To understand the document trail, we’ll need a bit of jargon. On the government side, the Europeans are running the show, through a “Special Study Group” on color copying within the European Banknote Printers Conference. Soon reformulated into the “SSG-2” to accommodate Japan and North America, this will be the clearing-house for negotiations with manufacturers. The industry, being at this point almost entirely Japanese, works through something called the Japan Business Machine Makers Association (JBMA). Non-Japanese manufacturers are also represented here, with Lexmark reportedly joining in 2008. The yellow dot arrangement will be called either BITMAP or the Tracing System.

A “voluntary arrangement”

The JBMA propose a “voluntary arrangement” – though this is clearly the kind of volunteering you do to avoid ever finding out what compulsory looks like. Each manufacturer rigs their copiers and printers to put those microscopic dots onto each page. Every year they send a list of codes to the JBMA, which compiles them for the law enforcement agencies.

This system seems to come into operation in 1993.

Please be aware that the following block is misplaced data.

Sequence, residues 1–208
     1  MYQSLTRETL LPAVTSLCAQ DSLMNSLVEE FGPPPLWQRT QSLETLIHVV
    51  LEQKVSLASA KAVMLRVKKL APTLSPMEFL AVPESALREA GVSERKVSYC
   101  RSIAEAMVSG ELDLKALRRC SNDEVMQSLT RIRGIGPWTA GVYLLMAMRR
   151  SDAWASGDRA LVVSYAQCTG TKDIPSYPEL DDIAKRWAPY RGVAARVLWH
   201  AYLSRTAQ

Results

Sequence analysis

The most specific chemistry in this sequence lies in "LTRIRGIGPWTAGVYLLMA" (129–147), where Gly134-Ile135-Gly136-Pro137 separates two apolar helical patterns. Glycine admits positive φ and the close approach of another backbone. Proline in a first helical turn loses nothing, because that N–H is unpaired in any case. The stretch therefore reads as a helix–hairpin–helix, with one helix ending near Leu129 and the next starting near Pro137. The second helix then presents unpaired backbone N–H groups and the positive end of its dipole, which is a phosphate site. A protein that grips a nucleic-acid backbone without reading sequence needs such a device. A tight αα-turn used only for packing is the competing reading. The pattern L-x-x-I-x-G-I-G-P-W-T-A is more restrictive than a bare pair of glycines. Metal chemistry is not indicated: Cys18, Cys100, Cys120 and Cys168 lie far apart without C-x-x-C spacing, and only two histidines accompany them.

Some of the 23 countries who received the printer-dot decoding software

The anti-counterfeiters aren’t expected to look at fake banknotes with a magnifying glass. The manufacturers cook up something they call BITMAP – a software package to match the code to the printer. All you need is a standard PC and a scanner. And a floppy disk drive – this piece of secret spy tech comes on floppies as late as 1998. You fire up BITMAP, scan your counterfeit, and it tells you the manufacturer of the machine it was printed on.

Fingering your customers: a free after-sales service

The BITMAP software appears to only tell you the manufacturer. To find out the specific machine, you need to go to the manufacturer. “Copier manufacturers”, according to SSG-2, “will continue to provide assistance in identifying specific copiers at no additional cost”.


Working with the manufacturers